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No slowdown for 'new' Briggs & Stratton
Statesboro plant is hiring; new owners look forward
briggs
A worker at Briggs & Stratton retrieves a part for an engine being put together at the Statesboro plant in Gateway Industrial Park. - photo by By SCOTT BRYANT/staff

An expected slowdown in lawn and garden equipment sales last year never fully materialized. In fact, demand resurged during the summer, engines manufacturer Briggs & Stratton emerged from Chapter 11 restructuring under a new owner in September, and its Statesboro factory is now hiring.

“The Statesboro plant currently has 50 jobs to be filled on a variety of shifts and departments throughout the plant,” Human Resources Manager Mandy See writes in mid-February 2021 email. “We need them filled immediately.”

Openings are mostly for technicians and operator-level positions, but several salaried and support-level jobs are also available, she said. 


25 million built

Located in Bulloch County’s Gateway Industrial Park, the plant is a big manufacturer of small engines, including Briggs & Statton’s rugged Vanguard Small Block V-Twin commercial engines as well as a line of “residential” engines used in consumer machines from mowers to pressure washers.

Since it opened in 1995, the Statesboro factory has built more than 25 million engines. It currently employs about 500 people to turn out about 1,800 consumer engines and more than 300 Vanguard commercial engines daily.

Vanguard V-Twin production, previously based in Japan in a joint venture, was brought home to the United States in 2018 by Briggs & Stratton, specifically to its Statesboro, Georgia, and Auburn, Alabama, plants.

The vertically integrated Statesboro plant has a die-casting department that melts aluminum ingots and casts engine blocks and other parts both for the plant’s own assembly lines and those at the Auburn plant, which builds the Big Block version of the Vanguard V-Twin.


Out of Chapter 11

After the COVID-19 pandemic clamped down on the economy last spring, Briggs & Stratton Corp., a 113-year-old company based in Milwaukee, Wisconsin, filed for Chapter 11 bankruptcy protection in July. The company simultaneously announced an agreement to sell most of its assets to KPS Capital Partners.

Under this new ownership, the company emerged from Chapter 11 reorganization just two months later as Briggs and Stratton LLC, with a new chief executive officer.

“Many of the external challenges that seemed to hit the company all at once are starting to stabilize: weather is in our favor; the stay-at-home environment has positively impacted our business … and, we’re now a well-capitalized company, unencumbered by past liabilities, so we can focus on growth,” Briggs & Stratton President and CEO Steve Andrews proclaimed in an Oct. 27 media release.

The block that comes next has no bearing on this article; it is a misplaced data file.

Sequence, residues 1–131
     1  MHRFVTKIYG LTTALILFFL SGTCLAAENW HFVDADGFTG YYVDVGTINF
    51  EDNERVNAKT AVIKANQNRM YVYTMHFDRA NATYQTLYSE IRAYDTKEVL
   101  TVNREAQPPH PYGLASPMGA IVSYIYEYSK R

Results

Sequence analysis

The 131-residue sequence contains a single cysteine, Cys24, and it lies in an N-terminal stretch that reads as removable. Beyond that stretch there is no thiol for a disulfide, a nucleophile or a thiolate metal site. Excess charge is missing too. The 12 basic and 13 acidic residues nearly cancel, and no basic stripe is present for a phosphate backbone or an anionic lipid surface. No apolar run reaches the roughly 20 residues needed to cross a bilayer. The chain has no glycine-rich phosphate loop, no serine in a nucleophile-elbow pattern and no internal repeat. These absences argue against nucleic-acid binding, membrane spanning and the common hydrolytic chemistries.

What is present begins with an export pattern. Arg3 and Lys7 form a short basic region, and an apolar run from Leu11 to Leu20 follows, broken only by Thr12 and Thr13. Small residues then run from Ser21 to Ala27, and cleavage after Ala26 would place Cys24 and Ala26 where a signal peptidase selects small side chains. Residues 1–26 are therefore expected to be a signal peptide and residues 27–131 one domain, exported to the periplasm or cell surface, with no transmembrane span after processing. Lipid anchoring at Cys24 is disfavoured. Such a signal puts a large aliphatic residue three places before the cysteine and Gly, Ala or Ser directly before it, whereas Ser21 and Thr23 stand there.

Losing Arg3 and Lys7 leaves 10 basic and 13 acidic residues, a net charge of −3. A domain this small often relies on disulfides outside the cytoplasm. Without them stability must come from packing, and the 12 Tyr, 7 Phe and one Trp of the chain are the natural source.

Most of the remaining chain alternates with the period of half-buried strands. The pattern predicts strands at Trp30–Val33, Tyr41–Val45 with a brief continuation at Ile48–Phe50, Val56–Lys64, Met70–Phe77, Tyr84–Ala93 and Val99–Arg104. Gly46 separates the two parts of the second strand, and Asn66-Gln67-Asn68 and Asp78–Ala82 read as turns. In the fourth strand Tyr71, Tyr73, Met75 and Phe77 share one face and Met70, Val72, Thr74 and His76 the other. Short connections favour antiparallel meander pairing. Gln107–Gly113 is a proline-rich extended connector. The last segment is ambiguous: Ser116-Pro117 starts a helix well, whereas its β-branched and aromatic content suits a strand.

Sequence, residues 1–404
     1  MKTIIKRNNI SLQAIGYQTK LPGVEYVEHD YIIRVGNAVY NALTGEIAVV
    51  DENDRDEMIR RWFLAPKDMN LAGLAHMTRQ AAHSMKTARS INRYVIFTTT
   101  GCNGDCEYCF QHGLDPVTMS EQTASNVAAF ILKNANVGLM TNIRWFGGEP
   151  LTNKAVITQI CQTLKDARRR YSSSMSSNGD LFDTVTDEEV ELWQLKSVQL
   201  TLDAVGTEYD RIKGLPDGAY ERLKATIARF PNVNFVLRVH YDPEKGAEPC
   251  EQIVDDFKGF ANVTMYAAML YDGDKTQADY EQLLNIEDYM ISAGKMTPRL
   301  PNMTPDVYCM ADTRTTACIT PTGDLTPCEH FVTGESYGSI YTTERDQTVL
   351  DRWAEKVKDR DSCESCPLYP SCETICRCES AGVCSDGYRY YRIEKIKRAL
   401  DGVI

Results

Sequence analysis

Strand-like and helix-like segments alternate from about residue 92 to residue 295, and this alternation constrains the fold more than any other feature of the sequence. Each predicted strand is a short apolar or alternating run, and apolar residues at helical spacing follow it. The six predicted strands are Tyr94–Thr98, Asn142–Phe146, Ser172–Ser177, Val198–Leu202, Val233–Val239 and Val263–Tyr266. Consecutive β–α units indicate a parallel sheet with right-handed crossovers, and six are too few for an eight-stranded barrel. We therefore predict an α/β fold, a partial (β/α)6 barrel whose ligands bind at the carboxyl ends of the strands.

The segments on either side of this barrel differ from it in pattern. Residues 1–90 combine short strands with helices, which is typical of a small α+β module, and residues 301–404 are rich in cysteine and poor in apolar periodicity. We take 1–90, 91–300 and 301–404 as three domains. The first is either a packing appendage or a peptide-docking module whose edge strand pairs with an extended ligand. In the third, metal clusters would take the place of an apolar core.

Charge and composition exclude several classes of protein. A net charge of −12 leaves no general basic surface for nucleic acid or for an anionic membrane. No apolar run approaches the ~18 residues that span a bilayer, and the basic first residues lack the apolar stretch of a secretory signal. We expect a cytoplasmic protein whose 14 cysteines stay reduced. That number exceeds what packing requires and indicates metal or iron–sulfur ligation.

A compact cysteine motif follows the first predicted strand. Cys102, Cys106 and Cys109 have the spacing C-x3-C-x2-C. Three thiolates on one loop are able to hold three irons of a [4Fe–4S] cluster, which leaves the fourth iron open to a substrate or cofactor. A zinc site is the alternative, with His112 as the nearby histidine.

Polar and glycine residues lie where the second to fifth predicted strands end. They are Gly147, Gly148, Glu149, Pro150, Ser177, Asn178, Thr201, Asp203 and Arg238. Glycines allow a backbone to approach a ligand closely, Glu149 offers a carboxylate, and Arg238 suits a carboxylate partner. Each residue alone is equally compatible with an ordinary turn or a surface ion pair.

“In the first three months of our fiscal year, nearly all parts of our business globally are performing stronger than last year,” he said. “In fact, this is a better start than we’ve seen in a number of years.”


Powering forward

Briggs & Stratton did lay off some employees of the Statesboro plant early in the pandemic, but brought them all back in August to meet surging demand, See said.

The KPS Capital Partners ownership is investing anew in the consumer engines side of production at the plant, as well as updating equipment such as die-casting machines, she said. Briggs & Stratton Corp. previously made a major investment in the commercial Vanguard V-Twin production, and all along devoted substantial resources to employee training and benefits.

A new on-site health clinic, offering primary as well as preventive care to all employees and their dependents, opened at the Statesboro plant in July 2020.

"This has been a great benefit for our employees," See said.

Locally, Briggs & Stratton maintains active relationships with the Statesboro-Bulloch Chamber of Commerce and the Development Authority of Bulloch County. It works with Ogeechee Technical College, Georgia Southern University and the Bulloch County Schools on programs to grow a skilled and adaptable workforce and expose students to career opportunities.

Meanwhile, Briggs & Stratton has ventured into the lithium-ion battery market for electric vehicles such as golf carts with completion of a Tucker, Georgia, plant. After starting production last summer, the battery plant now employs more than 100 people and is expected to grow, See said. Still based here, she is now human resources manager for both Statesboro and Tucker, Briggs' only Georgia-based manufacturing facilities.

In addition to joining a growing company, future employees will receive a balanced schedule, a 401(k) plan, vacation time, competitive benefits, wellness incentives, a 75% tuition reimbursement for job-related education and bonus opportunities, See indicated in an email.

If you’re interested in joining the Briggs & Stratton team, visit careers.basco.com for available opportunities and to apply.


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